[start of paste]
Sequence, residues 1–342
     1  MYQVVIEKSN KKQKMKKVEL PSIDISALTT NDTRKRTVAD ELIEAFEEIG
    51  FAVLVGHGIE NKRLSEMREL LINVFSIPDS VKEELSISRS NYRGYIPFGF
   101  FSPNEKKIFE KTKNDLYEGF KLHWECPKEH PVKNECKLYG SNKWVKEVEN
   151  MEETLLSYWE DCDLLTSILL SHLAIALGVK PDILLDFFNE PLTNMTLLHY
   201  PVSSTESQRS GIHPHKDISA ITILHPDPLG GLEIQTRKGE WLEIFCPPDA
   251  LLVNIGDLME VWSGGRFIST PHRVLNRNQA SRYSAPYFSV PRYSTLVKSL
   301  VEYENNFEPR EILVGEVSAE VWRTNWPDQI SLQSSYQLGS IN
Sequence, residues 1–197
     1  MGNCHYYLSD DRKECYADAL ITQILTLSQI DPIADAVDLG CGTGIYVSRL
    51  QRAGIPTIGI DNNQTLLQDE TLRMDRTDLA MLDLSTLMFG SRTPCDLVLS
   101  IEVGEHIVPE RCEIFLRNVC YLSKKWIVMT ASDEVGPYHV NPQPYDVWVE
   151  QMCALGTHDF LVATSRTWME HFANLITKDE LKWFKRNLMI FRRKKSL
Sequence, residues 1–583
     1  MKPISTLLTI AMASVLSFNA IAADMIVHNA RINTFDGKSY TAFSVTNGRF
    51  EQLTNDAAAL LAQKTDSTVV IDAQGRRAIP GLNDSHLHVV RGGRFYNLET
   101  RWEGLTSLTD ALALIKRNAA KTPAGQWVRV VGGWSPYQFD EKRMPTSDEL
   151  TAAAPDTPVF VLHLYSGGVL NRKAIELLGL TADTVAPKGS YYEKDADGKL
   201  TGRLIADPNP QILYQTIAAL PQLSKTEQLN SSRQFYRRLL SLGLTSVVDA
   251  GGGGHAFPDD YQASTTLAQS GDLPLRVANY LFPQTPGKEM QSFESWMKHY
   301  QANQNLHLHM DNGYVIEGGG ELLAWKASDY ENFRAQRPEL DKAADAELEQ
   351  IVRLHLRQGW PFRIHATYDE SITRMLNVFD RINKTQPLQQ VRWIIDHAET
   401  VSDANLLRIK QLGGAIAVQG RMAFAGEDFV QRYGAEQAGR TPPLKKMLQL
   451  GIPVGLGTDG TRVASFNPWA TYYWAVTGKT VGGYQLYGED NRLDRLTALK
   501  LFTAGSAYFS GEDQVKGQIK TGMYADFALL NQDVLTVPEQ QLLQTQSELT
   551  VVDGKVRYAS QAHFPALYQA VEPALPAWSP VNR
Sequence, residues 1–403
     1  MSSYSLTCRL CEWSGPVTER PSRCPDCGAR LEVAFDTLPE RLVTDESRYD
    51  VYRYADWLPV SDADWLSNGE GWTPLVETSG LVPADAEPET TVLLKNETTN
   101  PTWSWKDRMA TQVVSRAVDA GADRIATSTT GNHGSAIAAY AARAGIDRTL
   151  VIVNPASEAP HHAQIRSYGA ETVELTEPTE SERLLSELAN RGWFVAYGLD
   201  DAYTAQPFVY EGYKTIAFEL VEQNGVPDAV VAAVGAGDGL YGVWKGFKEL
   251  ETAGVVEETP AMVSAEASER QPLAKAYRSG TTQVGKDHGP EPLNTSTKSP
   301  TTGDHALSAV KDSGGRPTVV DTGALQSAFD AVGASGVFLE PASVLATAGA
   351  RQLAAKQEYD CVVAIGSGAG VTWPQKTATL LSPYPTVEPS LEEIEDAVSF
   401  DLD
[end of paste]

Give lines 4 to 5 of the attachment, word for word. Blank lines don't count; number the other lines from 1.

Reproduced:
   101  FSPNEKKIFE KTKNDLYEGF KLHWECPKEH PVKNECKLYG SNKWVKEVEN
   151  MEETLLSYWE DCDLLTSILL SHLAIALGVK PDILLDFFNE PLTNMTLLHY